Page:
Vinyl paradise

Seattle record store is worth a summer vacation drop-in

Singles Going Steady record store in Seattle.
Summer is about to pop off, and so is the vacation season.

Vinyl records have made quite the comeback in recent years, especially during COVID-19. In the Quad-Cities, we have places like Revolver in Moscow, Dreg’s in Pullman, Skalicky’s in Lewiston and Greenfield Glass & Goods in Clarkston to do some digging for sweet records, but flipping through records in a big city is very exciting.

When I lived in Seattle I would, at least once a week, stop by a small, independent punk record store called Singles Going Steady. It’s located in the Belltown neighborhood and carries records, cassettes, CDs, books, patches, pins, etc. The gentleman working the place when I would go in, Byron Wilson, was a fun guy to chat with. Wilson has been in or around the punk scene for many years and is alive with tales and music knowledge.

With the possibility of some of you record connoisseurs making your way to the Seattle area this summer, I thought I’d have a chat with Wilson about the store so you would have the lowdown on the place. You may want to stock up on some sweet wax in the big city.

Marvin Lee: What year did Singles Going Steady open its punky doors?

Byron Wilson: Back in 1996. I joined in ’97.

ML: Is the owner the same person who founded the shop, or has that changed?

BW: No, it was started by XpeteX (the straight edge thing was a sort of honorary joking nickname). Pete had a store in Portland, and when that one closed, he opened this store. For a while, we had a store in Vancouver, Canada, but the weekly driving back and forth with stock and going through customs was a bit of a bummer, so we closed that one after a couple of years. Pete wanted to open a store in his homeland of Canada, so he moved to Toronto and opened a different record store there. Meanwhile, an old New York punk rock dude, Chris, was living in Seattle, and the timing was right, so he bought the store. I, of course, was grandfathered in. Hahaha.

ML: How many subgenres of punk do you carry, and what are they?

BW: One nutty thing about punk rock is the hyperspecificity of our (punks) labeling of genres. We have it divided into oi!, crust, hardcore and good ol’ punk and indie. But the list of subgenres under punk is incredibly long and often silly like grindcore, power violence, mincecore, peace punk, anarcho punk, etc.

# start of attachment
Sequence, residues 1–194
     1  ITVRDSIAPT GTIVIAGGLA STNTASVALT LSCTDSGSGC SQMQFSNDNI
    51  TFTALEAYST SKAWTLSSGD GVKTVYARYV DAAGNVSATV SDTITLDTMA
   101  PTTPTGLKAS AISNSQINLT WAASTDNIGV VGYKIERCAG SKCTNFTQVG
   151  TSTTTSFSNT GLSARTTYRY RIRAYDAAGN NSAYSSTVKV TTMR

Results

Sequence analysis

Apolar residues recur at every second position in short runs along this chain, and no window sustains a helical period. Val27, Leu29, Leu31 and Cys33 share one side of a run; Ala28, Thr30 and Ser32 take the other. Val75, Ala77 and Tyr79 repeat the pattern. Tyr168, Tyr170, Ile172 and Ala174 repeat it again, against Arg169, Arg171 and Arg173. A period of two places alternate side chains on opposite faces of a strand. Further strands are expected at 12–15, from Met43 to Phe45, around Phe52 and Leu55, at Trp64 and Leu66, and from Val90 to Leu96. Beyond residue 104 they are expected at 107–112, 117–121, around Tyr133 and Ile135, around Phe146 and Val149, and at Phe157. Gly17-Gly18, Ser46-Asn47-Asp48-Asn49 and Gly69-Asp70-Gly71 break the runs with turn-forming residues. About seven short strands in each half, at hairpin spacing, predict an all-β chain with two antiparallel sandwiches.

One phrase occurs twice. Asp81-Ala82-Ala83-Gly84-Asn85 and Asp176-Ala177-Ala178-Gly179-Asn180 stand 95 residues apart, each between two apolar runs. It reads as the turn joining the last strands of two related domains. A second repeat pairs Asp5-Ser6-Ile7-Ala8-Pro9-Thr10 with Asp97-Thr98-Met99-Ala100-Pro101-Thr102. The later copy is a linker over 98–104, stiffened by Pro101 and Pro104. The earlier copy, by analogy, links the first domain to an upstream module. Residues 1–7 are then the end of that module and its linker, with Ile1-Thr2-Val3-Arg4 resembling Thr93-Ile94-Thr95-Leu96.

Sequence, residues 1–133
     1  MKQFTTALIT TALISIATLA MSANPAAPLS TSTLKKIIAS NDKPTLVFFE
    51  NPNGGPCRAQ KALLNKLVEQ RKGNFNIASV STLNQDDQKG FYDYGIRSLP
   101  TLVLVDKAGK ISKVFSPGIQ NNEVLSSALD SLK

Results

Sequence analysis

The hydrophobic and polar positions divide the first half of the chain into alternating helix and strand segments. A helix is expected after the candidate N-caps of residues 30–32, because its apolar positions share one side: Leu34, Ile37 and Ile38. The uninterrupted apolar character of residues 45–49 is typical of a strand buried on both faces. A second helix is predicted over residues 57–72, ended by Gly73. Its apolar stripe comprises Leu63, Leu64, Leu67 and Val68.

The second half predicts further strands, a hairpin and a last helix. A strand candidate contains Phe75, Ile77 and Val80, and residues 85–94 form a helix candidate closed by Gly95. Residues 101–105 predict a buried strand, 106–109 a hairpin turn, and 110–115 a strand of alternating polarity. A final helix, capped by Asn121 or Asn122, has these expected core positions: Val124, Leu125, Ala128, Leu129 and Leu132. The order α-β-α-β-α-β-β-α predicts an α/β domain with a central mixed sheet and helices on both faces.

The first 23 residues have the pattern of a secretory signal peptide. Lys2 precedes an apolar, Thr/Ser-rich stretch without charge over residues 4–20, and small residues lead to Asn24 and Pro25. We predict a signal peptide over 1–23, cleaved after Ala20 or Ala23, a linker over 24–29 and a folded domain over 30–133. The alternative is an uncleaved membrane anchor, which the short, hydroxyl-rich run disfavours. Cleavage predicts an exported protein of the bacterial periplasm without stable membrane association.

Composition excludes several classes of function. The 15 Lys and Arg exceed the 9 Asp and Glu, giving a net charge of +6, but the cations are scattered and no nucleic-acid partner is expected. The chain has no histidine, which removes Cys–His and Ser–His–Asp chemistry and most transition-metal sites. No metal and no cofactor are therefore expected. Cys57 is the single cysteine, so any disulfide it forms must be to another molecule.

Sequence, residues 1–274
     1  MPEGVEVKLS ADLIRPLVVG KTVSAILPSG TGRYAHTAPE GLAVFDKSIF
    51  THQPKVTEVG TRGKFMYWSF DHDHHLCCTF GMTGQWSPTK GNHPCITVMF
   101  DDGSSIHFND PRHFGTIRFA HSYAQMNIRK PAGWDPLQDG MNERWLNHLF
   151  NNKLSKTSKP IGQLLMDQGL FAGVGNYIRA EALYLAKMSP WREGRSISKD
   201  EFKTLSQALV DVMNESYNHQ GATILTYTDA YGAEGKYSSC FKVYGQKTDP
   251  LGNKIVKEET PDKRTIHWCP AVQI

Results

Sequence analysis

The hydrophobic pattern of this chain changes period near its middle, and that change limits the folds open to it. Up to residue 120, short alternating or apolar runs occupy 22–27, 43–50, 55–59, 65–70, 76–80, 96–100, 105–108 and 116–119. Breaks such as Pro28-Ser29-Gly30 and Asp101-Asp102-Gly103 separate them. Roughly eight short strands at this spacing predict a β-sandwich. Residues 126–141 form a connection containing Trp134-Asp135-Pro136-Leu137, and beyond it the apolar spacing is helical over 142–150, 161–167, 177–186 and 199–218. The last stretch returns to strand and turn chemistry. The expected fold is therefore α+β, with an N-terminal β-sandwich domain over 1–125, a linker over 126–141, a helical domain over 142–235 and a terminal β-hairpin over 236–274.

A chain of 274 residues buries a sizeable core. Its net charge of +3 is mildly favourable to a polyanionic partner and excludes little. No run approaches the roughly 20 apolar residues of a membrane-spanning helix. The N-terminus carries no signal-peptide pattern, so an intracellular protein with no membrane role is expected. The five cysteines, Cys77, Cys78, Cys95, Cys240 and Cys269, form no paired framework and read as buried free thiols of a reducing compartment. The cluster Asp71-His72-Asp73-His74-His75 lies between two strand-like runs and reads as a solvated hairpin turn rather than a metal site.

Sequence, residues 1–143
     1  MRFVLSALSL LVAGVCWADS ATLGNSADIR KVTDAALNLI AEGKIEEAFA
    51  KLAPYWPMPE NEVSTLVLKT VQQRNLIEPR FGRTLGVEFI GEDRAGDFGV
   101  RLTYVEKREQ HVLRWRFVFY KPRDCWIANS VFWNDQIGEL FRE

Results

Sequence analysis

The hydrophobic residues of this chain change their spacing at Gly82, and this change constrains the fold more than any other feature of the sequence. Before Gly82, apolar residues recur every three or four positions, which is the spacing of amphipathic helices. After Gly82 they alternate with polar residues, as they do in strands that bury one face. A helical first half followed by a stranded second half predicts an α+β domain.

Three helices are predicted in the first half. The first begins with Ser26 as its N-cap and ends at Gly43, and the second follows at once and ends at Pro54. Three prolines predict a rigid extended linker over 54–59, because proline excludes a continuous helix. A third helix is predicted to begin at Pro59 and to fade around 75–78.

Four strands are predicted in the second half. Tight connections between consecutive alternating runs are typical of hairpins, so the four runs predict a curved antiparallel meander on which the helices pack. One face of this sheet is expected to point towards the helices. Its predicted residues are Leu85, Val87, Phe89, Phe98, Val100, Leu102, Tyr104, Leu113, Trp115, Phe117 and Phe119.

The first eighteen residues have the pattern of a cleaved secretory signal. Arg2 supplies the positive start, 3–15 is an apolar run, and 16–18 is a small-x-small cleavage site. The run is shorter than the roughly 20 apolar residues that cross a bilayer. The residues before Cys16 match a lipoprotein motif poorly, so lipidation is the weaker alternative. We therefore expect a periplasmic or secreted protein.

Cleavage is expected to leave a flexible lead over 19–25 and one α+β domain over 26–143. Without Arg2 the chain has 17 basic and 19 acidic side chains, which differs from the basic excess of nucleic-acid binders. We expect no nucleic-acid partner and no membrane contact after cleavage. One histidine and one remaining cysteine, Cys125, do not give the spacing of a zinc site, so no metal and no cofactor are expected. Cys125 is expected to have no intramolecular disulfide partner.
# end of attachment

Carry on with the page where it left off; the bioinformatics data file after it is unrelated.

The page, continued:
ML: What other kinds of music does the shop have for sale, other than punk rock?

BW: We have a little of everything, but we do have pretty great ska, reggae and dub sections. We also have a section for garage rock (which has psych and Krautrock within) and an ever-growing jazz section. Figuring out where something should go is often confusing because I order bands and artists that I like such as Bob Dylan and Louise Attaque that aren’t really punk, and so to file them is a constant debate in my mind.

ML: I imagine you have had touring band members come into the shop from time to time. Mind running through some of the bigger names who have come in looking for records?

BW: Well, because of our location and I guess the nature of the store, we’ve had an incredible amount of touring bands that have come by. Many actors and comedians have stopped by as well. Conan O’Brien, Matthew Lillard, Dylan Moran and members of bands like Circle Jerks, 7 seconds, Black Flag, Stiff Little Fingers, Alkaline Trio, Touché Amore, Rancid, Swingin’ Utters, Gaslight Anthem, Mudhoney, Pearl Jam, Bjork, Cat Power, Specials, Dinosaur Jr., Guided by Voices, Sonic Youth, Youth Brigade, Misfits/Danzig, Zounds and Dropkick Murphys. Honestly, most touring punk bands stop by. Oh, Peter Buck from R.E.M. used to live down the street and would come in just about every other week. Jello Biafra of Dead Kennedy’s fame did an in-store here for about eight hours and bought a mountain of records.